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Monthly Archives: July 2012

Getz complete.

The final step of completing the Getz stereo install is to connect the amp to the power. In theory that should be it and everything will be ready to go…

Previously, we have put the power cable through the firewall, attached a fuse and mounted it near the battery. The connection has been sitting there cable tied, waiting for us to connect it.

The extra grounding has already been done (as you can see on the negative side) but the power needs to be connected to the positive terminal. To do this, the cover needs to be removed. Conveniently there is a bolt holding another connection, so you can use this to also attach the positive cable. It’s pretty much as easy as undoing the nut and slipping the eyelet over the bolt. Then reattach the nut. I disconnected the battery as I felt this was a bit safer – just make sure you’re careful!

So now all that’s left to do is to turn the whole thing on and listen to the AWESOME POWER OF THE NEW STEREO!!!

….except that when I did that, it didn’t work. The factory head unit wouldn’t play.

[insert dramatic music]

I worked out pretty quickly that because I has disconnected the battery, the head unit had kicked in the security control and required a password to reactivate.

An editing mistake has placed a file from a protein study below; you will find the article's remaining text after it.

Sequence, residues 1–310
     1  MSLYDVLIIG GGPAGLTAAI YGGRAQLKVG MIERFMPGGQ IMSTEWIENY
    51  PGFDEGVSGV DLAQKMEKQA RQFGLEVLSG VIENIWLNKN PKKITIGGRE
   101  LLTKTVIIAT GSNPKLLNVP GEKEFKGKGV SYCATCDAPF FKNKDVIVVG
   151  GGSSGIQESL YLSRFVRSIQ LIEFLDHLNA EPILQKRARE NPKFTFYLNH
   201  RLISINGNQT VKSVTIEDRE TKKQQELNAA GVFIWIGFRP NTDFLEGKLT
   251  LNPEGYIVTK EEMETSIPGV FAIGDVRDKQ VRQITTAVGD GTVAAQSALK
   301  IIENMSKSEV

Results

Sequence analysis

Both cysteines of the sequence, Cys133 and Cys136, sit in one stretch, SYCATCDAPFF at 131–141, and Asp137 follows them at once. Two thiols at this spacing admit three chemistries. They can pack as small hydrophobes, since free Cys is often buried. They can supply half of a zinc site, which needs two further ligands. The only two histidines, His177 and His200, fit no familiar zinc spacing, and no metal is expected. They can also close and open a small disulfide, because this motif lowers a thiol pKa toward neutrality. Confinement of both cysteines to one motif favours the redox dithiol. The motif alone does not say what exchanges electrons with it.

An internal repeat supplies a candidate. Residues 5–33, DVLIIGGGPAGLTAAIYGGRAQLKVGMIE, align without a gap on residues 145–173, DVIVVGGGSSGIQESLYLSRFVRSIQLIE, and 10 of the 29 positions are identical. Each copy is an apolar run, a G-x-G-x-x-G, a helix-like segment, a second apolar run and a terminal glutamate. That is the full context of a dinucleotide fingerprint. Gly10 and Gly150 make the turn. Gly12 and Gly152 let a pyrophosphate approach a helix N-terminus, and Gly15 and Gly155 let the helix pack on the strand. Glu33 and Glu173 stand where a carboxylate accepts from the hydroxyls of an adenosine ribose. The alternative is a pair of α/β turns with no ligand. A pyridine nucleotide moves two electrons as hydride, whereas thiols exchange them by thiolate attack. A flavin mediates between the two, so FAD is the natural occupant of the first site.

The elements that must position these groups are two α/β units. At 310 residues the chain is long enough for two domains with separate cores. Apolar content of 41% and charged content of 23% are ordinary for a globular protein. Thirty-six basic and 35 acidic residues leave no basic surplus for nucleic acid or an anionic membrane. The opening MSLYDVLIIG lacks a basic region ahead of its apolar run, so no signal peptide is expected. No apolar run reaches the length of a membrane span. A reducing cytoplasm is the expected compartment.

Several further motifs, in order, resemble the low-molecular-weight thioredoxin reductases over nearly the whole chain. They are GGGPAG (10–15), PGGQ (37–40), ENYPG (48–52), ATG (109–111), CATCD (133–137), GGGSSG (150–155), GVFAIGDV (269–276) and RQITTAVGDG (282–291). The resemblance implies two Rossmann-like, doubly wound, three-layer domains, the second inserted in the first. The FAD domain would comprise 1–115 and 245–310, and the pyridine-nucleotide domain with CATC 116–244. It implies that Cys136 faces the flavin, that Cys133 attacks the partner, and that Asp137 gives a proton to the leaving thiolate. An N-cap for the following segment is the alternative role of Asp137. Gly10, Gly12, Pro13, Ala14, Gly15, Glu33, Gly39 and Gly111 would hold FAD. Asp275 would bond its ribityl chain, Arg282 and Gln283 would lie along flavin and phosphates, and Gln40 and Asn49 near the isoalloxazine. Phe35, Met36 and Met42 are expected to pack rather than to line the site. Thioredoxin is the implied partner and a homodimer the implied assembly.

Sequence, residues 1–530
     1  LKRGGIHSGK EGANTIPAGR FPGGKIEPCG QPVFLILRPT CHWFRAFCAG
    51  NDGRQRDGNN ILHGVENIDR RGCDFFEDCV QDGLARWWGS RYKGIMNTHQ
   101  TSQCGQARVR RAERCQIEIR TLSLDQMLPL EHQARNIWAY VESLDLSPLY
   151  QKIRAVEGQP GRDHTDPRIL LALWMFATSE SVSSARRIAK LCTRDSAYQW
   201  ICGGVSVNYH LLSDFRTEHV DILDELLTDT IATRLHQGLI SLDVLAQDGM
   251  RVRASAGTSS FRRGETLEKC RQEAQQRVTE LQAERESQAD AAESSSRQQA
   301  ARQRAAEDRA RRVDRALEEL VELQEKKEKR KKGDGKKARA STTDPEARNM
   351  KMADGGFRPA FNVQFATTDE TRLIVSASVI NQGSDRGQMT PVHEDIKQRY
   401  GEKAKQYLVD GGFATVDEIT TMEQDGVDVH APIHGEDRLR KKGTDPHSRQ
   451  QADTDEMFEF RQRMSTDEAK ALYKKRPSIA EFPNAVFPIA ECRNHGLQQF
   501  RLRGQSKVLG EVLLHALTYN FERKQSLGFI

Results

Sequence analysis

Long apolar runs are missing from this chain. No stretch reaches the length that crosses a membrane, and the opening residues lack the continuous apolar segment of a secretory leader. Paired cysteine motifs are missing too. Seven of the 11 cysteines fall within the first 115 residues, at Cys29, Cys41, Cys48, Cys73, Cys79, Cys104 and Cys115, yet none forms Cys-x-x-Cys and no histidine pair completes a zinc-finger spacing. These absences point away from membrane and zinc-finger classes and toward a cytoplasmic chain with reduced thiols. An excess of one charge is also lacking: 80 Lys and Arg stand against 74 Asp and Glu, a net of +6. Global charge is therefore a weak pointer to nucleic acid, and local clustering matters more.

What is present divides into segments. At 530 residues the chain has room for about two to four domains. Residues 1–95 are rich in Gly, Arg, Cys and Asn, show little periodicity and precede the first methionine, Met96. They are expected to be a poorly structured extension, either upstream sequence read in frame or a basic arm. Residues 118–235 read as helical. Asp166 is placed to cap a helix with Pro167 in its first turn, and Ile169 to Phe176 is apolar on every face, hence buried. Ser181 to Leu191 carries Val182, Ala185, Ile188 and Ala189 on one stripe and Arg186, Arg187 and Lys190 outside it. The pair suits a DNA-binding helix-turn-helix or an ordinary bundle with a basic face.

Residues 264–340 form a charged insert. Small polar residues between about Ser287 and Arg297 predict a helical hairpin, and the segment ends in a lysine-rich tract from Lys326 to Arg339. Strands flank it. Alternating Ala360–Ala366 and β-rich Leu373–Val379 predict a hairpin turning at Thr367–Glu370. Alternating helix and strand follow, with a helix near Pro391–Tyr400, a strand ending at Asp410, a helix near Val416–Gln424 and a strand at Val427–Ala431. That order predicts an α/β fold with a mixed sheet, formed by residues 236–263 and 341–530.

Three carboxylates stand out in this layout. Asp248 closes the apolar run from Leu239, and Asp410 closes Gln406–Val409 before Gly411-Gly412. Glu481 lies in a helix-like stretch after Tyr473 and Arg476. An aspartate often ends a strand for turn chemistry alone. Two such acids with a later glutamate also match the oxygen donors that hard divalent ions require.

Where the hell do you get the password from and how do you enter it!!??!!

Luckily, I had done lots of research prior to even starting and was able to put my finger on the answer very quickly. The answer is quite simply this:

1. Slide the Head Unit out (again, and instructions are in previous posts)

2. Read the serial number (from memory under the bar code) – I’ll use 09243523049523 for this example

3. Take the last four digits of the serial number – 9523 for this example

4. Add 1212 – Eg. 9 + 1 = 0, 5 + 2 = 7, 2 + 1 = 3, 3 + 2 = 5, therefore the password is 0735

5. Use the “1” button on the head unit to enter the number. Keep pressing it until it reads (in this case) 0.

6. Use the “2” button on the head unit to enter the number. Keep pressing it until it reads (in this case) 7.

7. Use the “3” button on the head unit to enter the number. Keep pressing it until it reads (in this case) 3.

8. Use the “4” button on the head unit to enter the number. Keep pressing it until it reads (in this case) 5.

9. Press the number “5” button to accept the password.

I did all of this and it worked! Everything was fine.